Bil’s rating (out of 5): BBBB. USA, 1942. Twentieth Century Fox. Screenplay by Nunnally Johnson, based on the novel by Nevil Shute. Cinematography by Edward Cronjager. Produced by Nunnally Johnson. Music by Alfred Newman. Production Design by Richard Day, Maurice Ransford. Costume Design by Dolly Tree. Film Editing by Allen McNeil. Academy Awards 1942.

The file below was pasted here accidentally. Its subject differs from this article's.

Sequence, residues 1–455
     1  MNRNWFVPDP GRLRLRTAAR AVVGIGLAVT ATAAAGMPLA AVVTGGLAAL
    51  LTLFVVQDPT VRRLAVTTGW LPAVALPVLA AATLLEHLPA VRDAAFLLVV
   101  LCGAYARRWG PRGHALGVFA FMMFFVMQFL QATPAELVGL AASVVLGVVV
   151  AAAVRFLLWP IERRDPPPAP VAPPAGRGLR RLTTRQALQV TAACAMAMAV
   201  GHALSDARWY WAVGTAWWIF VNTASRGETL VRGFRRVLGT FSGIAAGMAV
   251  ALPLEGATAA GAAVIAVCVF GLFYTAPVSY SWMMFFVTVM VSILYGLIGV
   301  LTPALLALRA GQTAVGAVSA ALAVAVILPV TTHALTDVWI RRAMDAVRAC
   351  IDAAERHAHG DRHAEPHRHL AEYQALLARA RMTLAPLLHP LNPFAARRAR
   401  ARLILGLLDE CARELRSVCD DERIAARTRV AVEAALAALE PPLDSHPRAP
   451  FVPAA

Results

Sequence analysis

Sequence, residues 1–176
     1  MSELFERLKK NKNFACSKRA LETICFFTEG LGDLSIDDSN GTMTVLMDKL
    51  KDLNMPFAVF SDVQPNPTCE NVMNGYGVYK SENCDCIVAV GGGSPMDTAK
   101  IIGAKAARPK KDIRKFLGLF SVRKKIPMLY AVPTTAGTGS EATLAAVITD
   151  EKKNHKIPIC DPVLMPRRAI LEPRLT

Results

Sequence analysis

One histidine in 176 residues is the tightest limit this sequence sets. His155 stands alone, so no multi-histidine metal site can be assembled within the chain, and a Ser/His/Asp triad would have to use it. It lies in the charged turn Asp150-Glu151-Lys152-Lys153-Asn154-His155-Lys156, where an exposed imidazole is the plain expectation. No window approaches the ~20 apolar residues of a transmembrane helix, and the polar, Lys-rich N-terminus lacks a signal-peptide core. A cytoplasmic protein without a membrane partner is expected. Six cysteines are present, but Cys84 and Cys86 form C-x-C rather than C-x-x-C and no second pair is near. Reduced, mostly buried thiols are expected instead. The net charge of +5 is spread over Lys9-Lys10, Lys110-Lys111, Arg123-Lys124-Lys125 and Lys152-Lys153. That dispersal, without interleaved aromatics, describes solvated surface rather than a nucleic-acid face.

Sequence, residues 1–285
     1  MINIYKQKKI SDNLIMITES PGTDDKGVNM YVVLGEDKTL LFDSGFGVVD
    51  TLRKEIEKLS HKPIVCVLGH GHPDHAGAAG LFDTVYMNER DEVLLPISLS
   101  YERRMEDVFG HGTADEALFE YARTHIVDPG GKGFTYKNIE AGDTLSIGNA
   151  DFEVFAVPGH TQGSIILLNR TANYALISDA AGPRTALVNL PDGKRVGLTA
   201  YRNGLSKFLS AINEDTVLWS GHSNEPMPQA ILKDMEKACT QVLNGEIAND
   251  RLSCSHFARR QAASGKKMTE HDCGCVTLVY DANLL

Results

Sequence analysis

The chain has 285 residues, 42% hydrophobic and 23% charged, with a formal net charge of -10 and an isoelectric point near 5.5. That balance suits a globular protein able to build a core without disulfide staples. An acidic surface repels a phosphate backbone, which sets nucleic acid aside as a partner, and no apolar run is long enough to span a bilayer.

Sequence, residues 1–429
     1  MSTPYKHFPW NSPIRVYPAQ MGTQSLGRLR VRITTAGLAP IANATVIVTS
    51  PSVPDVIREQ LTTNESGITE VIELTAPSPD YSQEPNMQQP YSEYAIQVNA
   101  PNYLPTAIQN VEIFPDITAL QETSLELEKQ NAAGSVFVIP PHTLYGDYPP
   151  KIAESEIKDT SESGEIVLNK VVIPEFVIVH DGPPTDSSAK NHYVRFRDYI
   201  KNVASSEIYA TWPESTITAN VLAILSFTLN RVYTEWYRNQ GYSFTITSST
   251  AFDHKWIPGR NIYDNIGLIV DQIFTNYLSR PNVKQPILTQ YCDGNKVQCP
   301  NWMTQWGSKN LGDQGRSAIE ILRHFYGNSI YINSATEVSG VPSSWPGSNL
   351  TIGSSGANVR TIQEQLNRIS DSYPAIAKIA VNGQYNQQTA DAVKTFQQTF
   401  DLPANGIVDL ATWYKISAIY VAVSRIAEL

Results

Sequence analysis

Monty Woolley is a Brit enjoying a vacation in France after most of the country has fallen to the Nazi occupiers. Travelling home is going to be a significant challenge, made that much more difficult when the couple running his inn beg him to take their children (Peggy Ann Garner, Roddy McDowall) with him to London until they can be reunited. He agrees, begrudgingly, setting off on their journey and, without meaning to, picking up more children in increasingly devastating circumstances along the way. The mean old man constantly insists that he can’t stand the tykes but is clearly far too good a soul to leave the little heartbreakers to fend for themselves. This touching, genuine film focusing on the plight of the young suffering devastation in Europe is made with a great deal of optimism despite the fact that the war was far from being won, given smart complexity by Woolley’s performance in the lead. When you get to the final third, where our hero squares off against a Nazi officer (Otto Preminger), the plot takes a disingenuous turn that even the most naive person would find hard to believe, ruining any chance that director Irving Pichel had of moving beyond his reputation for B-level pictures and into the world of prestige. This, combined with a dissatisfying ending, mar what could have been a sterling classic, but the kids are all perfect charmers, none of them coming off as annoying child stars, and the urgency of the subject matter is felt. Anne Baxter is lovely in a supporting role.